The relatively high entrapment efficiency may be due to the multi-lamellarity of ethosomal vesicles. The entrapment efficiency depends on ethanol concentration, entrapment efficiency increased by increasing ethanol concentration to a certain limit, after which the vesicle membrane became more permeable, so entrapment efficiency decreased.31

The Effect of Formulation Variables on PDI

The effect of the independent variables, SAA type (X1), PC: SAA ratio (X2), cholesterol: SAA ratio (X3), and concentration of ethanol % (X4) on the PDI in drug vesicles is obtained in Table 2.

The smaller the PDI (lower than 0.7),32 the more homogenous and uniform the dispersion is.

SAA type, PC: SAA ratio and concentration of ethanol % had no significant effect on PDI.

The presence of additives (X3) in the formulae had a significant effect on PDI (P = 0.0239).

Presence of cholesterol: SAA (2:1) showed lower PDI; it might be due to the cholesterol features that decrease vesicles’ bilayer leakage and produce surface smoothness. With a high cholesterol level, this effect has been diminished as it introduces crystallinity to the bilayers.33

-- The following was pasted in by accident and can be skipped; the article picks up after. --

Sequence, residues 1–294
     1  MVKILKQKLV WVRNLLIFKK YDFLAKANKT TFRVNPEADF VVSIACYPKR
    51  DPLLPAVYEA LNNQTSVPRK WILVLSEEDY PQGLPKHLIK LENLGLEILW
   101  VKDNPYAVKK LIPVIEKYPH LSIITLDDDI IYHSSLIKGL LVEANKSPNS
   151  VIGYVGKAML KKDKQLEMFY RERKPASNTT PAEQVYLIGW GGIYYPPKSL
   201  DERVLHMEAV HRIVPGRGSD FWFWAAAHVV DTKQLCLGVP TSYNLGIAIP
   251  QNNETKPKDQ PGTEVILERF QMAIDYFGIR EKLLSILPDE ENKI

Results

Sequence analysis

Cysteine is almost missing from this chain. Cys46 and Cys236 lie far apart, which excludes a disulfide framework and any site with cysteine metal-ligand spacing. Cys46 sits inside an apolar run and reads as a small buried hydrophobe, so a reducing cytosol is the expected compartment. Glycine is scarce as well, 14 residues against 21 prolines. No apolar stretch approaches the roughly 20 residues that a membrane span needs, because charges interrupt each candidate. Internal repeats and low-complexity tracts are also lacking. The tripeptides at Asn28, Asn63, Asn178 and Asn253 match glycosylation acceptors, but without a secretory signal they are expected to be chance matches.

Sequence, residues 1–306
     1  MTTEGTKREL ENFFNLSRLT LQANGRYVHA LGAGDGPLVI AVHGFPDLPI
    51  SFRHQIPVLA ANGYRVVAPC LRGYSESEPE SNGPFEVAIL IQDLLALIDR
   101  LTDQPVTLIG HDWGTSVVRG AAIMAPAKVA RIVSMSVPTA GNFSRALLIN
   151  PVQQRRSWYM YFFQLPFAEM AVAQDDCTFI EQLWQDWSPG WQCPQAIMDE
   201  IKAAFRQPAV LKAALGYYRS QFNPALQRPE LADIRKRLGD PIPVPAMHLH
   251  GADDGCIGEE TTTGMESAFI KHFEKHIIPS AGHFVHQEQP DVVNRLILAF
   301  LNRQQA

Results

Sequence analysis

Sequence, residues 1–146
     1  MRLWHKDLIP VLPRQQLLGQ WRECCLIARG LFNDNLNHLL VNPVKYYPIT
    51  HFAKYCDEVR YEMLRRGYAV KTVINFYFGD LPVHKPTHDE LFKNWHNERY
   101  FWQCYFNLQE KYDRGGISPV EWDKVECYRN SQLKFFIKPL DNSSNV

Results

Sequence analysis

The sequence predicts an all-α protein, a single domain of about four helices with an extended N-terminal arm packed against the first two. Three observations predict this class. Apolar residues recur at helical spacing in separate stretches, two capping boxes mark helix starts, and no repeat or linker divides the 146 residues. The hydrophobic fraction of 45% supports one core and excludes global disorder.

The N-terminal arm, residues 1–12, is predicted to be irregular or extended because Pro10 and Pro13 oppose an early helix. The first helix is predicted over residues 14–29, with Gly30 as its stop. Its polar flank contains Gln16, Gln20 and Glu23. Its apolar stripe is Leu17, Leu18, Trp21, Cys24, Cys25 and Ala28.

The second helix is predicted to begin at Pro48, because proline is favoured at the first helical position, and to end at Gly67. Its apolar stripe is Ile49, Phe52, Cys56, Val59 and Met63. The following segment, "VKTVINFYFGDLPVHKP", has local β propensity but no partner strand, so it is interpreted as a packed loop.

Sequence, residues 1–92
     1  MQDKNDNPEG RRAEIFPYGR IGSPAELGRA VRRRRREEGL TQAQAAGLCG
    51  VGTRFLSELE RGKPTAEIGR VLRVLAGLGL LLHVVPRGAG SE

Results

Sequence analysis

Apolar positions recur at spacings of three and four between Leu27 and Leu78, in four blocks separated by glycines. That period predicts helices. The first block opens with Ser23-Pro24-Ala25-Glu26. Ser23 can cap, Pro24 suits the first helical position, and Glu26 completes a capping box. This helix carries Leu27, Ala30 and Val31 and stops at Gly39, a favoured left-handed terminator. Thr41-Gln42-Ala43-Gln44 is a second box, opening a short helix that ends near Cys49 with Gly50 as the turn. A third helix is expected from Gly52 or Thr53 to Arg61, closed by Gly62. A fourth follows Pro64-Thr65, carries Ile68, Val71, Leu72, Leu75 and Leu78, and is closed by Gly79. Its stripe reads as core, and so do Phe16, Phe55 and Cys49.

The Effect of Formulation Variables on Zeta Potential

PC: SAA ratio and presence of additives had no significant effect on ZP.

The SAA type (X1) had a significant effect on ZP (P = 0.0002). Sodium deoxycholate showed the highest ZP value (as absolute value); It might be due to the presence of 2 groups that increase the negative value of ZP that prevents aggregation of vesicles.34 The concentration of ethanol % (X4) had a significant effect on ZP (P = 0.0309). Hydration media with an ethanol concentration of 20% showed the highest ZP value (as absolute value).